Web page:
After years of playing second fiddle to energy savings and emissions slashing, smarter corporate water management truly gained the spotlight in 2019. And not a moment too soon.
Executives from across industries and global regions told Environment + Energy Leader about the biggest challenges they face around water management — and the steps they are taking in response.
Water and energy go hand-in-hand for Wyndham Destinations, the world’s largest vacation ownership company. Sustainability manager John Hodges described the how replacing grass with special turf at a property in California saved water, electricity, maintenance, and money.
Gap Inc. also sees economic value in water savings. Melissa Fifield, senior director of sustainable innovation, shared how the global retailer is working to reduce water usage in the manufacturing process — including working with NGOs and reporting to CDP.
Water prices are rising, especially in the United States, putting the pressure on to better manage this resource, the in-depth Environment + Energy Leader e-book “Successful US Water Management Strategies 2020” found. In one example from the e-book, Lowe’s ended up saving an estimated $5 million on annual water costs by installing HydroPoint’s smart irrigation controllers that use AT&T Internet of Things technology.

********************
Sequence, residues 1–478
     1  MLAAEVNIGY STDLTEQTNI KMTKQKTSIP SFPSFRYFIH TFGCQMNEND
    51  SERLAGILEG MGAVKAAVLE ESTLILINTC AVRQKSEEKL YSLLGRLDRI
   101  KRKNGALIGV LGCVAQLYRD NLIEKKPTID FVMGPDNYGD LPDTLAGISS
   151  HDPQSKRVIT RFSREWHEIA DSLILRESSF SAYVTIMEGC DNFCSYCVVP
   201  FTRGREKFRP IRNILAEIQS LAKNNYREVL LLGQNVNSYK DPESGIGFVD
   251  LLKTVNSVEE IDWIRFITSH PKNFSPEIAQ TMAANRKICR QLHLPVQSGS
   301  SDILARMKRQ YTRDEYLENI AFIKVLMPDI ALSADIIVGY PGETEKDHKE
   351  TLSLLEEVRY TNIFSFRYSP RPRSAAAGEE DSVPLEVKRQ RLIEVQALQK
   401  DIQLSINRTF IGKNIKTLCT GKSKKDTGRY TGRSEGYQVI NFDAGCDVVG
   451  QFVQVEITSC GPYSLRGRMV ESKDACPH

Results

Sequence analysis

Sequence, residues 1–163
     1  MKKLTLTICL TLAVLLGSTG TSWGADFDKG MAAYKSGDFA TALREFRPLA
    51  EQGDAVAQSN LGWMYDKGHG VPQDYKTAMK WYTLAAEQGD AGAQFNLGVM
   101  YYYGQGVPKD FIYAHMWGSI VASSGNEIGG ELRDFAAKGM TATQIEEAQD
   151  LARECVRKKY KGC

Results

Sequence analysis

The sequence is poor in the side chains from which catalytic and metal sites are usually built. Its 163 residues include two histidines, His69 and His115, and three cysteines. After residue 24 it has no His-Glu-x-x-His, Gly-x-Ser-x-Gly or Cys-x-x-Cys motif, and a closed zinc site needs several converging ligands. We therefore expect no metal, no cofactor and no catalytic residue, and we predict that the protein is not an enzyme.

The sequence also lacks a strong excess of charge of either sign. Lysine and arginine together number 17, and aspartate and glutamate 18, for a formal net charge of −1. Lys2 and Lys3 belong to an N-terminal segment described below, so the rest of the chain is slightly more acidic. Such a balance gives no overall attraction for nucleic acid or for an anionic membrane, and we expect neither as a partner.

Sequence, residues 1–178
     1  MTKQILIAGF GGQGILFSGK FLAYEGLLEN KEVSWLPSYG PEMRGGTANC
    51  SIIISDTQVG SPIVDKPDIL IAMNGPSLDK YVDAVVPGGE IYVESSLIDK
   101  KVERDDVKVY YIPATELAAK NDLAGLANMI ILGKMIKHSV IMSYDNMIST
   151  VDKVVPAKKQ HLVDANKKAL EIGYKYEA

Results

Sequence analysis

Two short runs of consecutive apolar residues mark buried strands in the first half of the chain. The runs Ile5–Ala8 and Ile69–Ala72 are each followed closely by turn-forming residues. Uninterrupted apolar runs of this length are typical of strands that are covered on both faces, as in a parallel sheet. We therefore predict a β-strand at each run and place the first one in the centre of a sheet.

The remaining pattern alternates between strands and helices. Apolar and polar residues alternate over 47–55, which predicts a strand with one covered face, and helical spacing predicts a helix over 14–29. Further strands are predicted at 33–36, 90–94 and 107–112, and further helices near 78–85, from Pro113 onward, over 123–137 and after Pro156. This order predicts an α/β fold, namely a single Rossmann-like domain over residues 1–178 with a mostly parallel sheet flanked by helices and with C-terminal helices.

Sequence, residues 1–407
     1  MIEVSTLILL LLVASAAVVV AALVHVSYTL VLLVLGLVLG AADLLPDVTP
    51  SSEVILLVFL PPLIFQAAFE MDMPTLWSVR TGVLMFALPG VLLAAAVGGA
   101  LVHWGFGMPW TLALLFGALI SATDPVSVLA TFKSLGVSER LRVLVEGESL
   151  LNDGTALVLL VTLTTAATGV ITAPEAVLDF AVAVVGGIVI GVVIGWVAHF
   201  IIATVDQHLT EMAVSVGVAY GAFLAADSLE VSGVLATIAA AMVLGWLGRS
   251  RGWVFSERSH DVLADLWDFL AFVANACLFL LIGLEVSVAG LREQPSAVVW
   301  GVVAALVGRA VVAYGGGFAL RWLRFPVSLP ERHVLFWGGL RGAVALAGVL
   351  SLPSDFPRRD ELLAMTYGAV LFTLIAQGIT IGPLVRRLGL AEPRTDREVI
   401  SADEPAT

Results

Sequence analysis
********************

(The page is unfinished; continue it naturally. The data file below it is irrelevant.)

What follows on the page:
About six years ago, the Santa Rosa-based wine company Jackson Family Wines started assigning a price to every gallon of water used in their wineries, vice president of sustainability Julien Gervreau explained.
“Water is critical, and being a business that’s primarily based in California, it’s even more critical,” he said. “Our ability to manage our water resources is going to define our ability to succeed in the future.”
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